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Kelly finally a Super Bowl winner

January 26, 1997

NEW ORLEANS (AP) _ Jim Kelly finally is a winner on Super Bowl weekend.

In what might be his last public appearance as an active quarterback, Kelly threw four touchdown passes Saturday, leading the NFL Legends to a 30-26 victory over the Cuervo Defectors in the Margarita Bowl flag football game.

Billy ``White Shoes″ Johnson caught two of the TD passes.

Kelly is expected to retire this week after the Buffalo Bills told him they won’t make him a contract offer. Now a free agent, Kelly is seeking a $1 million settlement from the Bills, sources have told The Associated Press.

Kelly, loser of four straight Super Bowls with the Bills, would not talk about his contract status Saturday.

He certainly dominated the Margarita Bowl, connecting often with one of his former receivers, James Lofton, and with Johnson. Kelly even played some linebacker and defensive back.

``That was a lot of fun,″ he said after the game, ``but I don’t know if I want to play two ways again.″


SUPER RINGS: For fans who want more than a memory of the Super Bowl, Joe Kolstad and Don Jezequel have just the thing _ a genuine Super Bowl ring.

The men, who run ``Castle of Rings″ in Birmingham, Ala., brought their business to New Orleans for the game. The rings, which come with a certificate of authenticity, range in price from $10,000 to $65,000.

``Every player, whether his team wins or loses, gets a ring,″ Kolstad said. ``But the value is lower if the team loses. In fact, some people call it a `loser ring.′ It’s really an NFC or AFC championship ring.″

The most expensive piece was a Raiders ring.

``The Raiders rings are very flamboyant, lots of diamonds, lots of carat-weight,″ Kolstad said.

Also for sale were a 1975 Pittsburgh ring for $50,000, a 1992 Dallas ring for $50,000 and a 1981 San Francisco ring for $35,000.

The men get the rings from various sources, including collectors and auctions where they buy rings donated to charities, Kolstad said. The rings all are inscribed with the original owner’s name.

``We’ve had a lot of interest and think we will negotiate several sales,″ Kolstad said.

The men planned to stay in business through Monday, ``in case anyone wins a big Super Bowl bet and wants to splurge on a ring,″ Kolstad said.


POLITICAL WAGERING: Wisconsin Gov. Tommy Thompson and Massachusetts Gov. Bill Weld used the Super Bowl number as the key to their bet on the big game.

Thompson was willing to wager 31 pounds of bratwurst and 31 wheels of Wisconsin cheese that the Packers will win the 31st Super Bowl.

``It will only take 31 minutes for the Packers to pummel the Patriots,″ Thompson said.

Weld bet 31 Boston cream pies and 31 roasted turkeys that the Patriots will win.

``With all due respect to Governor Thompson and the cheeseheads, they are going to experience a tuna melt on Sunday evening as the Patriots fillet the Bay,″ Weld said.


WILL WORK FOR TICKETS: Sitcom star Drew Carey wasn’t sure he had time to work up material for an evening of stand-up comedy, but a ticket to the Super Bowl convinced him.

``It’s hard, man, very hard to develop new stand-up material while you’re doing a series,″ said Carey, whose blue-collar sitcom, ``The Drew Carey Show,″ has taken off this year on ABC.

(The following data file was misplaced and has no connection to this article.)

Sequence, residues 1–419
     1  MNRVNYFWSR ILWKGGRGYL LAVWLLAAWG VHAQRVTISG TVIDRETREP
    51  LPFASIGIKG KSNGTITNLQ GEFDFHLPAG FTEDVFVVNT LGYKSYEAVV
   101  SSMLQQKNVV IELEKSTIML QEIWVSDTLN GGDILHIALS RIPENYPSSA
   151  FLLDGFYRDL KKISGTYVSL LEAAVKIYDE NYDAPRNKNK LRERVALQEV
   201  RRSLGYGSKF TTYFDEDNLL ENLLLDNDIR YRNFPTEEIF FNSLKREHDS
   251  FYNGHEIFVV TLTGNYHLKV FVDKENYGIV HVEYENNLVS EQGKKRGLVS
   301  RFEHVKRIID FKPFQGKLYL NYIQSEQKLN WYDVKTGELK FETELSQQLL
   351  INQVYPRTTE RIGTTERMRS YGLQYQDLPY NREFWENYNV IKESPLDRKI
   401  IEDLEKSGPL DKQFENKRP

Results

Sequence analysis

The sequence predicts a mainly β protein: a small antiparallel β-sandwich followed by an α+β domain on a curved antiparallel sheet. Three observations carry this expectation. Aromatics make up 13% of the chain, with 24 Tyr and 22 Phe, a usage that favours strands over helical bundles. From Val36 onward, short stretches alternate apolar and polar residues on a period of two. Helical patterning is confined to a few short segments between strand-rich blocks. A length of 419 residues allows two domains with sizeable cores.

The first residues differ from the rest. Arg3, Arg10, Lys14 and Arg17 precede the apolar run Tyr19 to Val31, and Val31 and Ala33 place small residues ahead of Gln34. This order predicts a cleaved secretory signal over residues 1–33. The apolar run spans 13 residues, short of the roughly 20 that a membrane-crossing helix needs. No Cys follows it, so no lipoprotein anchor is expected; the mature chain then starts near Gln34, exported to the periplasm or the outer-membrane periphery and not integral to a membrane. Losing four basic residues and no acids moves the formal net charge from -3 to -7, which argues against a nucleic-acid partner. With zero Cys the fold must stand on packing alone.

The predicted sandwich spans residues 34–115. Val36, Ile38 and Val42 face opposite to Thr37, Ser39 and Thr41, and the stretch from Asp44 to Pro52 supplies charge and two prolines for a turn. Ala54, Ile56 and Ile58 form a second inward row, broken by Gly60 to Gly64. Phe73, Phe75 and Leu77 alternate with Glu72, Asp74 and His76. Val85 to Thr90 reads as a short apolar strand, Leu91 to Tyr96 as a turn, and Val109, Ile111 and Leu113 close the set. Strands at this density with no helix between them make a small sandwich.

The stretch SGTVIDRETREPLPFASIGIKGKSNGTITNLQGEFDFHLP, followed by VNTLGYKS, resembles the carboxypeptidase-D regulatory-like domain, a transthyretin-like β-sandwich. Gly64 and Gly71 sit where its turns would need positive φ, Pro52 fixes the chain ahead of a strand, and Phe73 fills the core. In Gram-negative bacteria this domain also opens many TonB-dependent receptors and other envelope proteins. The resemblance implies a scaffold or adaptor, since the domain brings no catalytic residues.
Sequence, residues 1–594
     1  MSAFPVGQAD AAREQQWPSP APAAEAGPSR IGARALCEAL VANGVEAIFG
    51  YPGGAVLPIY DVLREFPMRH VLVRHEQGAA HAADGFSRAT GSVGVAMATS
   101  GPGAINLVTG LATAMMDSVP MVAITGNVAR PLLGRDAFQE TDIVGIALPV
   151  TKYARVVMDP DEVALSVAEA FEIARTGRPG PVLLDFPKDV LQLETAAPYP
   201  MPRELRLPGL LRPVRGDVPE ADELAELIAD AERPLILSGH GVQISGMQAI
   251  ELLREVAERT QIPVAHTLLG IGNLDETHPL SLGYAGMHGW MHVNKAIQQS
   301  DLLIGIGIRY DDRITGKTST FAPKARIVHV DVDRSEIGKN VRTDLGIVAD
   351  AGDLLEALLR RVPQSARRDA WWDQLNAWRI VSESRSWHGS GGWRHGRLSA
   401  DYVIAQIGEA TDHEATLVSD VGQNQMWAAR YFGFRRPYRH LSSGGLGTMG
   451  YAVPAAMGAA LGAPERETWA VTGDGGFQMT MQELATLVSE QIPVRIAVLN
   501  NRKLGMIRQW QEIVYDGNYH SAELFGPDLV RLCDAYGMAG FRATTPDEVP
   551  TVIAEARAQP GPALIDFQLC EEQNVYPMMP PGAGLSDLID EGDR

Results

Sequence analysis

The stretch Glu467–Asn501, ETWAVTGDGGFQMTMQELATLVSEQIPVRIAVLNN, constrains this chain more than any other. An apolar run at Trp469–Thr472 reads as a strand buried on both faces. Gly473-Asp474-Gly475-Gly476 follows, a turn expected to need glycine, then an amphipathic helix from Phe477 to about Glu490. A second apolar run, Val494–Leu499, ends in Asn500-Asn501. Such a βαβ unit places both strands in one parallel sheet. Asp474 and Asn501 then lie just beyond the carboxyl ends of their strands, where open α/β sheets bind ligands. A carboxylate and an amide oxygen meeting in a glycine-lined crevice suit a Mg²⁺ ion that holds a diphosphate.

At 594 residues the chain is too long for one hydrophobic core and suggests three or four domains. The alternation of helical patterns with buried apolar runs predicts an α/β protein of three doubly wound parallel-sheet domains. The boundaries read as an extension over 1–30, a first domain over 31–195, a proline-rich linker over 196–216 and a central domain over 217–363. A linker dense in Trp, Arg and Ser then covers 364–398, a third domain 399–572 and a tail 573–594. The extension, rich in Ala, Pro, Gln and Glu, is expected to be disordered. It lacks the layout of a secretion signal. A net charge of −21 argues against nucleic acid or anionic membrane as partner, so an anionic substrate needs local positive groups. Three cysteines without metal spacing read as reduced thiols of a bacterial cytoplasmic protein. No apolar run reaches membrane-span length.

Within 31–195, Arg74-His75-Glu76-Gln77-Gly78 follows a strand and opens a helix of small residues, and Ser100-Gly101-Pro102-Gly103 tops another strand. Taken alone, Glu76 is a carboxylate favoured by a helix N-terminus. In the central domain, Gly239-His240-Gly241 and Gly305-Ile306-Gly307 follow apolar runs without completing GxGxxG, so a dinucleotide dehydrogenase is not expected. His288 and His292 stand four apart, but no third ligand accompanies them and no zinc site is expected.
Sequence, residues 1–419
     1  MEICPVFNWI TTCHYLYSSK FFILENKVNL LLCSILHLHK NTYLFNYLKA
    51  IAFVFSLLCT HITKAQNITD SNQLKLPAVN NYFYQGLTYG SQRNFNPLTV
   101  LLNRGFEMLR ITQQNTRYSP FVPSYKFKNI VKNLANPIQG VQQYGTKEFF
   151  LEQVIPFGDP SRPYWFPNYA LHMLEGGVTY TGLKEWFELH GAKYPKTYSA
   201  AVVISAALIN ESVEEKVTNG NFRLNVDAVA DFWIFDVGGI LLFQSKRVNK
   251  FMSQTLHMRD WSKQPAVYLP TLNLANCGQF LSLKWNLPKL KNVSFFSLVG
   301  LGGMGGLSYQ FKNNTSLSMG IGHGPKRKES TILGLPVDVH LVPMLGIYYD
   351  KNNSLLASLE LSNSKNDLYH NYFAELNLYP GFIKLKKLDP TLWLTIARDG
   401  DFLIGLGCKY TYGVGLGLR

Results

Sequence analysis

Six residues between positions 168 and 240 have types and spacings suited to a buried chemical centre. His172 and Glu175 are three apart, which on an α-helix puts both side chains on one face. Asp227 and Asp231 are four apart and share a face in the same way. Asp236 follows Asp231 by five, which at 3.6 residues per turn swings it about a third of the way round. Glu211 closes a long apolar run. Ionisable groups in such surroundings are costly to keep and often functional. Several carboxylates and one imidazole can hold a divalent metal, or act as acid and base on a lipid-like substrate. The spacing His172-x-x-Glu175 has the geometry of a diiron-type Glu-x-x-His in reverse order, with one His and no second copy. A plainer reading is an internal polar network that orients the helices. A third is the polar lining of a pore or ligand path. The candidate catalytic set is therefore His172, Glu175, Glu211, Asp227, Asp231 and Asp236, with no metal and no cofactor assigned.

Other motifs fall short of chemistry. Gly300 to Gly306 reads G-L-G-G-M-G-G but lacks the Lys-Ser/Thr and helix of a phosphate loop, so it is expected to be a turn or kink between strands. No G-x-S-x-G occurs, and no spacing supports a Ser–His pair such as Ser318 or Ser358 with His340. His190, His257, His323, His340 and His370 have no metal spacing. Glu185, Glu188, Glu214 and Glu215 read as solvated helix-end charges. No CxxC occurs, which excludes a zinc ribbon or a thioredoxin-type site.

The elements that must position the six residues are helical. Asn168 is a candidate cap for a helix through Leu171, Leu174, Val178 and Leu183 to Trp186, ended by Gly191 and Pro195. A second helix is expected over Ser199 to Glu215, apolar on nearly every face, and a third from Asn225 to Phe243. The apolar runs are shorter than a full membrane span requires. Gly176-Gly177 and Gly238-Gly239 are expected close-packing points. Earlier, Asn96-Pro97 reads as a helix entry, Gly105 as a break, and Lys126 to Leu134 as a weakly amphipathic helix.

``So when this guy says, `How’d you like to play New Orleans?′ I said, `Well, I don’t know, it’s a lot of work,′ ... And he says, `It’s Super Bowl and I’ll get you in the game,′ and I said, `OK.′

``Oh, yeah, it’s really why I’m doing the gig.″

Carey was on a tight schedule: fly in Friday, perform Saturday night at the Saenger Theatre, catch the game Sunday and head back to Hollywood to resume filming his show.


DOME PROBLEMS: Superdome officials aren’t happy with a Wisconsin-based company that provides a super-sophisticated building controls system for the 72,000-seat stadium.

Johnson Controls Inc. of Glendale, Wis., has worked with the Superdome for 21 years on a system that regulates lighting, heating, ventilation, air conditioning and fire-management equipment.

``I’m not too happy with Johnson right now,″ Danny Vincens, director of engineering and operations at the Louisiana Superdome, told the Milwaukee Journal Sentinel.

Vincens said the roots of his present unhappiness _ an exception in an otherwise good relationship with Johnson Controls _ date to last February, when the Superdome contracted to replace its existing Johnson Controls building automation system with the company’s newer, more sophisticated Metasys system.

Vincens said that he was told by Johnson Controls representatives that the old system was obsolete and wouldn’t be supported with parts after 1999. He agreed to a $475,000 upgrade, but claims he wasn’t told that the Superdome would need an extensive rewiring at the cost of an additional $70,000 to $200,000.

Johnson Controls is confident it will wind up with a happy customer.

``Once the Super Bowl is over and Mr. Vincens has had time to fully discuss this situation with our New Orleans office, we are confident that it’s going to be completely and satisfactorily resolved,″ spokesman John A. Bernaden said.

Vincens stressed that the Superdome is safe for Sunday’s game.

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